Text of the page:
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      Woman inspires others in Dome Walking Program

      It's estimated 40 percent of people become sedentary during the winter months. But the free walking program at Northern Michigan University's Superior Dome is helping to get people moving.

      Organizers never realized how inspirational just one woman who uses their program would be.

      Seven years ago, a doctor's visit changed Rebecca Olds life forever.

      "They started looking around, and they found a tumor that was wrapped around my blood vessels," says Olds. "It was Non-Hodgkin's Lymphoma."

      Complications following chemotherapy forced doctors to amputate, confining Olds in a hospital bed for 15 months.

      "I did a pity party for a couple days, and then one day, I don't know what happened, but I woke up and I thought, that's enough of that," Olds says.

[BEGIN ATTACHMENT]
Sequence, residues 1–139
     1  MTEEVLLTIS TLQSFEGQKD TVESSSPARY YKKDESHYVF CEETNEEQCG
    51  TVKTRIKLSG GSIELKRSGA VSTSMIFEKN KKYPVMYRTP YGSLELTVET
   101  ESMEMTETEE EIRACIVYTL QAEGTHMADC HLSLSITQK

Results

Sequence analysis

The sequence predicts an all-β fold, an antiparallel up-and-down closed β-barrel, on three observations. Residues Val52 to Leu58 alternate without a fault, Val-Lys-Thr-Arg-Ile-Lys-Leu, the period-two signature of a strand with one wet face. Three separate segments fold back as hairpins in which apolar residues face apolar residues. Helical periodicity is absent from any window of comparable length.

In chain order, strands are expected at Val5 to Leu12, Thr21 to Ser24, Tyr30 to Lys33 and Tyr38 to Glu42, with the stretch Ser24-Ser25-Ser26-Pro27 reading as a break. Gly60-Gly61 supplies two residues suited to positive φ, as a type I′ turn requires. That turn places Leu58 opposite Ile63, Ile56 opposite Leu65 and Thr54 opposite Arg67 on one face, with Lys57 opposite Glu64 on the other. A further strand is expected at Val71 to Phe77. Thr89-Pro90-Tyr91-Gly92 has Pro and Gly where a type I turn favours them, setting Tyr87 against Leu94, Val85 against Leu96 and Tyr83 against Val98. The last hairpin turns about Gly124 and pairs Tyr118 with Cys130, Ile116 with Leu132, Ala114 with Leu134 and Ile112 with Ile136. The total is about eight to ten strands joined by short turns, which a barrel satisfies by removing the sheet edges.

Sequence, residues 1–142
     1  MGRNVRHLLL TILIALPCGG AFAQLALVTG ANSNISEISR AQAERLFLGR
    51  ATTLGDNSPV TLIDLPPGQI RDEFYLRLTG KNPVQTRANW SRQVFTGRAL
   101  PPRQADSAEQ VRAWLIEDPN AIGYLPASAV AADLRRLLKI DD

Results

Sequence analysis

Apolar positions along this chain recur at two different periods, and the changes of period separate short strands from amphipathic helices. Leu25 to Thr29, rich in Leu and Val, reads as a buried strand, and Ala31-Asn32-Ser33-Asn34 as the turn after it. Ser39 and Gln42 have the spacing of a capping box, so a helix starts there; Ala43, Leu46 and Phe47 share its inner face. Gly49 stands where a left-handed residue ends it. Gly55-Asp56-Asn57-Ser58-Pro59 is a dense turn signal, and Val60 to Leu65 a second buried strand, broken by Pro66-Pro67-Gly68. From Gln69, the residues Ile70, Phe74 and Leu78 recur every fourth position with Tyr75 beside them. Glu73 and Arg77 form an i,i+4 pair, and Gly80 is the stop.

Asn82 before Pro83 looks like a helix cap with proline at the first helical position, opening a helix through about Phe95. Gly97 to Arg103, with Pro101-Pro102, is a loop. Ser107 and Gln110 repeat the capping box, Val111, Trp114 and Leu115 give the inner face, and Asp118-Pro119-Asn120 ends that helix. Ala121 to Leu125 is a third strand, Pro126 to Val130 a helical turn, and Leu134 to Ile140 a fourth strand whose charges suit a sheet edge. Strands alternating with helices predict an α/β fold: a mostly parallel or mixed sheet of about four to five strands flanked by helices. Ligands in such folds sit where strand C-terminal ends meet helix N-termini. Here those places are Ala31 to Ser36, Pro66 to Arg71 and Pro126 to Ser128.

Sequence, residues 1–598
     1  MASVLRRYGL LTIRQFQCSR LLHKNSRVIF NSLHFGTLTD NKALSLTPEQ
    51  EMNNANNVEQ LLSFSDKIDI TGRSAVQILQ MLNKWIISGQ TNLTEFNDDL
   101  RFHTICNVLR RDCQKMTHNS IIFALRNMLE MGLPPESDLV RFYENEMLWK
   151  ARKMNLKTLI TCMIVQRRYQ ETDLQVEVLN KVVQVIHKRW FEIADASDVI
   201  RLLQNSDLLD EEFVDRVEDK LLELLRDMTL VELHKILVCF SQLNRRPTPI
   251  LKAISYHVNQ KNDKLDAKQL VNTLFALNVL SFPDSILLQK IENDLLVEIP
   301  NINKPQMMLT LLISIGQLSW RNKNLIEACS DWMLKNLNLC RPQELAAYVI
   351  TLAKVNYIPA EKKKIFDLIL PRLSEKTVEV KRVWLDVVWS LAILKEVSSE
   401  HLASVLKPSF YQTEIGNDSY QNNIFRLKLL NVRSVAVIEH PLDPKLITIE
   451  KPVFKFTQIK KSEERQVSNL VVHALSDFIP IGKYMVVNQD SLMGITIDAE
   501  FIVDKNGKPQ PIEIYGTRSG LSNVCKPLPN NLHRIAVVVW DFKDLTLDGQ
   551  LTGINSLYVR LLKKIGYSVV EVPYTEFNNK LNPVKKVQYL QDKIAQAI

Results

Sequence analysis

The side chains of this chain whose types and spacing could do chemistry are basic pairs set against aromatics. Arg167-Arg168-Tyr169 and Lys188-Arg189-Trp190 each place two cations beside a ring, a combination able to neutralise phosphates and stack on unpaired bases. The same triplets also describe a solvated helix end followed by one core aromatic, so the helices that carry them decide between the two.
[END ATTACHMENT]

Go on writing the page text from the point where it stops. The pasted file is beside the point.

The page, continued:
In recovery, she received a carbon fiber foot, then chose to undergo gastric bypass surgery to become more active. Today, she forces herself to exercise often, but it isn't always easy.

      "I have to watch my step; winter is very hard for me. I have fallen twice already," Olds says.

      The perfect solution came to her last year--the free Dome Walking Program, returning from a hiatus due to funding cuts. It's now made possible due to two new sponsors: Marquette General and Blue Cross/Blue Shield.

      "We felt that we could cut the budget or save money in other areas; we thought this was an important public service," says NMU President Les Wong.

      In the Dome, she doesn't have to watch her steps; she'll make her routine three laps wheeling, then walking in a safe environment.

      It costs $20,000 a year to keep the Dome open, an investment sponsors hope will curb winter excuses and make the community a healthier one.

      Dome walking hours are 6 a.m.-10 p.m., Monday through Friday, and 6 a.m.-5 p.m. Fridays.